The Lord says, “I will guide you along the best pathway for your life. I will advise you and watch over you.
PSALM 32:8 NLT
The guidance of God is incredible. It’s not something that I understood as it was being given to me; but looking back, I can see the hand of God moving in my life just as those Scriptures say. To guide simply means to give guidance to lead on one’s way. This is what the Lord does for His children, and this is what He did for me. In fact, He continues to guide me at this time in my life.
Let’s look back at the marvelous ways in which He was leading me, even when I was not aware of it. The last words I had with Mr. Green there at the Miami airport had to do with serving God. That’s not something I had ever thought about or talked about or even knew could be a reality in one’s life, but Mr. Green was being used by God to guide me. He didn’t know it — nor did I. “Do you have any skills that you could use for God?” he asked me. The question wound up hurting me on the inside. He didn’t intend it to hurt me, but it did. You see, at that moment I realized what a mess I had made of my life. I was completely discouraged from ever being able to recover what I had lost. The future looked very dim for me in my own mind.
Drugs had clouded my mind for a number of years. “I’ll never be able to fly an airplane,” I thought to myself. “I used to fly airplanes,” I said to Mr. Green. He went on to tell me about a Christian pilot named Nate Saint who had worked as a missionary bush pilot in South America. He explained to me that maybe God would use my life in service to Him through aviation. “That’s a possibility,” I thought, and tucked the idea away in my mind.
Well, off to Montego Bay I went on the morning of February 6, 1973, to finish the drug deal. To my surprise, the Customs agent at the airport asked me to go sit in a small room where he would later come and begin questioning me about why I was there and what my plans were. This frightened me. I had heard about young American drug dealers in foreign countries being put in jail and never being heard from again.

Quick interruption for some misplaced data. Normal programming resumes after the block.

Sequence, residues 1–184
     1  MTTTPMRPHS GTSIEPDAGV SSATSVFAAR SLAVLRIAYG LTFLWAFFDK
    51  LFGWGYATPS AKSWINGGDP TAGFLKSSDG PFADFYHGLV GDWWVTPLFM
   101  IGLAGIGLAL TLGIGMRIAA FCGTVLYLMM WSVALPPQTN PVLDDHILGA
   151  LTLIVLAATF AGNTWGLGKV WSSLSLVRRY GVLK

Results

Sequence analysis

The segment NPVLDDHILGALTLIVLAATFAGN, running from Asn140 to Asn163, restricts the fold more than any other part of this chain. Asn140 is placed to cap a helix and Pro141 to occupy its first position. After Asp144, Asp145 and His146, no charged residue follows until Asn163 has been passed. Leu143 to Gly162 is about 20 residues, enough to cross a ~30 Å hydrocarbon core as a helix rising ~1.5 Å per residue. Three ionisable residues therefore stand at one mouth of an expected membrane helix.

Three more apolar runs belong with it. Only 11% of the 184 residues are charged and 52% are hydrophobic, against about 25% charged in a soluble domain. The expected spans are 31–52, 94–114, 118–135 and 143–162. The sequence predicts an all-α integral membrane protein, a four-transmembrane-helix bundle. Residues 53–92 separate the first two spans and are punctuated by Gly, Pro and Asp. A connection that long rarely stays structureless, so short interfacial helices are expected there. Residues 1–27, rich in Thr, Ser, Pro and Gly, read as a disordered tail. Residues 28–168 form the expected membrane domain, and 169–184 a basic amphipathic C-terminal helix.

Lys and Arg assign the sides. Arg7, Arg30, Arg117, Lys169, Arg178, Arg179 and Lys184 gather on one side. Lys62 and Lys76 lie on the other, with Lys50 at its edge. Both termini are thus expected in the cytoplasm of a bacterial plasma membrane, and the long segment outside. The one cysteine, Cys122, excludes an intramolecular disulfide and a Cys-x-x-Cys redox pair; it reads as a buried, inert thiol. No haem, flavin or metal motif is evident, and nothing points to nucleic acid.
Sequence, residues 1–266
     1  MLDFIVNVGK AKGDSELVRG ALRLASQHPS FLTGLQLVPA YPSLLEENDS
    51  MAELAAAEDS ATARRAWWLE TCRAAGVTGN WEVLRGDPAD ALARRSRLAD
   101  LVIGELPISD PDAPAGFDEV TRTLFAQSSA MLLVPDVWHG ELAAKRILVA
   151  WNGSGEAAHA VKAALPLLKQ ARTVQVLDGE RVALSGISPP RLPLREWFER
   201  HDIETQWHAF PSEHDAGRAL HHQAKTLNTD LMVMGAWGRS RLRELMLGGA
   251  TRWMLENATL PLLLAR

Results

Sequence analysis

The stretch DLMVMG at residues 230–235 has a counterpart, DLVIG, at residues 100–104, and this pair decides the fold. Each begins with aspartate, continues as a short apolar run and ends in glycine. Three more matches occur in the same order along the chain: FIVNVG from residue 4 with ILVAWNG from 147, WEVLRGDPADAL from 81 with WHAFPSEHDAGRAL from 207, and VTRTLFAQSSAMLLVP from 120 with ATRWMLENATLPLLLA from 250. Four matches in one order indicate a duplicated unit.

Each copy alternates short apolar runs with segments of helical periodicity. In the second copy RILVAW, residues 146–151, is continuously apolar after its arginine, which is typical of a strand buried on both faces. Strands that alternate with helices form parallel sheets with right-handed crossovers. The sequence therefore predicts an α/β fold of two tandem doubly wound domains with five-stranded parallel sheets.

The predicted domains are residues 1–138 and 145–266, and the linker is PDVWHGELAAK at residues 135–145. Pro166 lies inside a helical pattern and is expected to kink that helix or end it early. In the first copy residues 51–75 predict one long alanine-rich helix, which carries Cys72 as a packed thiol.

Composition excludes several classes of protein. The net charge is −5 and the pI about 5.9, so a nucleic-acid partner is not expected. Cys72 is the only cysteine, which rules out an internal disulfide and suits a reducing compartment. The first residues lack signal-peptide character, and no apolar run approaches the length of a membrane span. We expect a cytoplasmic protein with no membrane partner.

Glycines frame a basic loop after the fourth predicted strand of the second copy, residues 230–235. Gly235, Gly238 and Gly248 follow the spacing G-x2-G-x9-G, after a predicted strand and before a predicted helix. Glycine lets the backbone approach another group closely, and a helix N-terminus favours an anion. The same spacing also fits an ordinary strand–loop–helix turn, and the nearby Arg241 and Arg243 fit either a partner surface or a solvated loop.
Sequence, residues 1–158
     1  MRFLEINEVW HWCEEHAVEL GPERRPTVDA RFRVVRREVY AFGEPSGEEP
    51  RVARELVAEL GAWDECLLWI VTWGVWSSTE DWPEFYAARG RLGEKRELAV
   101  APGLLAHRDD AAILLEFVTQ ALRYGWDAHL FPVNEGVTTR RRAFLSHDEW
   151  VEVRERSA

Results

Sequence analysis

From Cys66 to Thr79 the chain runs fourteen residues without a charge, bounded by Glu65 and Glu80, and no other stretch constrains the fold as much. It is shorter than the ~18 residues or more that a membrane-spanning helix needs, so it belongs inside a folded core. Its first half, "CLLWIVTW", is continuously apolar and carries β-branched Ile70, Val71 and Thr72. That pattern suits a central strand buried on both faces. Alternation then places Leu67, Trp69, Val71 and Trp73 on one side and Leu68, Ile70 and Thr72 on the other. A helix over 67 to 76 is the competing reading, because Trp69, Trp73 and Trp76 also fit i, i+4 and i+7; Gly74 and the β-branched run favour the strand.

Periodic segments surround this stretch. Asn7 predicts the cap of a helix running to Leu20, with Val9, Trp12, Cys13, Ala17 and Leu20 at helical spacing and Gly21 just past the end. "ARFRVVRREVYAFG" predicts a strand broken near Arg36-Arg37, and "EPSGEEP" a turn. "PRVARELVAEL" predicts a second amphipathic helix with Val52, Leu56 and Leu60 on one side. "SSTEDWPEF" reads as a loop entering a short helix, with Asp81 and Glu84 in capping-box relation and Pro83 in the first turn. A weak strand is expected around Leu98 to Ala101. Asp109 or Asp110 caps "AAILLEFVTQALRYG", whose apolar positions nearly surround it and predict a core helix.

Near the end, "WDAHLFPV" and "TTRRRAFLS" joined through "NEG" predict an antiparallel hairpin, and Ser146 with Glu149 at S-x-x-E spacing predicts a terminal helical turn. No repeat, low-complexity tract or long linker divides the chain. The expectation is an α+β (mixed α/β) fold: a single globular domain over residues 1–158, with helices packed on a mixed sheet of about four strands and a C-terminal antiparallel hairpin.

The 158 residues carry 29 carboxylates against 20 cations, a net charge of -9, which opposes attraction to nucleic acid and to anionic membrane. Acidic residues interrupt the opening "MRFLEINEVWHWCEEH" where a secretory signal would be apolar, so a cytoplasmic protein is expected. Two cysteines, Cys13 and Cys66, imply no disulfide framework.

Sitting there, I had the clothes on my back (my small backpack had been taken from me and was in another room) and that little pocket Bible. Mr. Larry C. was the agent’s name. He began asking me questions about why I was in his country and wanted to know if I was dealing heroin. “Oh, no,” I said, “I only sell marijuana.” “And furthermore, I’m a Christian.” “A Christian?” he asked. “Yes, I’m a Christian,” was my response. He went on to say that Christians don’t sell drugs, they don’t use drugs, etc.; and that they didn’t live the way I was living — that they had lives that were changed, and so on. Well, it’s true. I was a Christian. I had just literally become a Christian, and my heart was changing, and this conversation was simply the Lord directing me…closing a door and opening a door.
Mr. C. left me to sit by myself for what seemed like an eternity. As I sat there, fear filled my mind with thoughts of having my backpack planted with heroin; and then I’d really be in trouble. One thing kept coming to mind, and it was that little Bible and the thought that God was with me and would be with me no matter what might happen to me. Looking back on that incident, I now know that the Lord was ministering to me and comforting me and giving me His peace. Pretty soon, Mr. C. came back into the room where I was waiting and informed me that I would not be allowed entrance into Jamaica and that I was being sent back to Miami on the next available flight. God had just closed a door and was opening another. God was guiding me and was directing me, just as the Bible says He will do.